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27 Apr 14:38

Six works of Computer Science-Fiction

by fogus
Computer Science-Fiction1 is not actually fiction. Instead, these are books of computer science and/or programming that when you read them you can’t quite believe that what they claim is reality. Indeed, very often works of Computer Science-Fiction push the limits of your understanding of just what constitutes the art of programming.2 Smalltalk-80: The language and […]
06 Apr 17:33

Moroccan bean stew

One of the first recipes to enter my collection many years ago, when I was living in Germany and just getting my footing in the kitchen, was a recipe for what is known in our house as Moroccan bean stew. Now, let’s get this out of the way: I’m pretty sure almost nothing about this dish is authentically Moroccan—not least in that the recipe as it was originally written called for garam masala as its primary seasoning, and garam masala is not from North Africa (though North Africa has similar spice blends—but we’ll get to that).

Moroccan bean stew with yogurt“As it was originally written” is a bit of a conundrum for me, too, because I’ve had this recipe for as long as I can remember. It’s scribbled on one side of a ripped, wrinkled, stained sheet of notebook paper. There are Latin exercises on the other side of the paper, and since I haven’t studied Latin since, oh, the 1990s, we’re talking a good decade’s worth of Moroccan bean stew in my house. I must have found the recipe on the nascent Information Superhighway—and a bit of recent Googling uncovered it again on Allrecipes, where it goes by the name of “Moroccan lentil soup” but is otherwise exactly the recipe I have written on my scrap of old paper.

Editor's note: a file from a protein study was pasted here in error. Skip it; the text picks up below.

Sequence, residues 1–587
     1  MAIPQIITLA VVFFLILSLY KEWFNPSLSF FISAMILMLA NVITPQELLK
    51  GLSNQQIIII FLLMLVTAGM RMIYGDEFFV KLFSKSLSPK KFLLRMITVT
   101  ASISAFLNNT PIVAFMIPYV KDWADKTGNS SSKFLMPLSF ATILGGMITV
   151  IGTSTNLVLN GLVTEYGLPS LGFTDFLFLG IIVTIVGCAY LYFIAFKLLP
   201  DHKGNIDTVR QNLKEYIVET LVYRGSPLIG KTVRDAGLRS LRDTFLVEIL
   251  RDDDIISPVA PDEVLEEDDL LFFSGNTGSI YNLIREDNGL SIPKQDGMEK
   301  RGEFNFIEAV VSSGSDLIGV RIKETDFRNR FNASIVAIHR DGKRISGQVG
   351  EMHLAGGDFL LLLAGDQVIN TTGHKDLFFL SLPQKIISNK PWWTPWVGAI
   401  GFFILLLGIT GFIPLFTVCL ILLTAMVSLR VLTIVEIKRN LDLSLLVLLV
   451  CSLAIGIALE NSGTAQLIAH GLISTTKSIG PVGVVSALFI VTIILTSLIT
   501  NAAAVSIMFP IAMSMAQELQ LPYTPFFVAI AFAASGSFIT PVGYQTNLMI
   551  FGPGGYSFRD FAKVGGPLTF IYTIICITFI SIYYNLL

Of course, the recipe on the scrap of paper isn’t the recipe I actually make anymore, though the bare bones of it are the same: red lentils, white beans, chickpeas, tomatoes, spices. Those ingredients alone will give you a decent soup, and anything you add beyond that will give you a really good soup. If onions are the only other vegetable you have on hand, then just use onions. If you’ve got carrots and celery, throw them in. Diced bell peppers or fresh chilies work too. Vegetable broth adds good flavor, but water will work in a pinch. And the garlic and ginger are nice but not essential.

SpicesWhat is essential is the seasoning—and this brings us back to garam masala and the other spices. Garam masala is an Indian spice mixture which includes things like cumin, cardamom, black pepper and cloves, though its composition varies from place to place and from cook to cook. Other regions of the world have comparable blends: in some parts of the Middle East you find baharat, in other parts you find advieh, and in North Africa you find ras al hanout (not to be confused with this guy). I always used garam masala in this recipe until I ran out of garam masala one day and substituted baharat instead—and it tasted almost exactly the same. I actually like baharat more now because the blend I use has a lot of paprika in it which gives the stew an appealing terra cotta hue.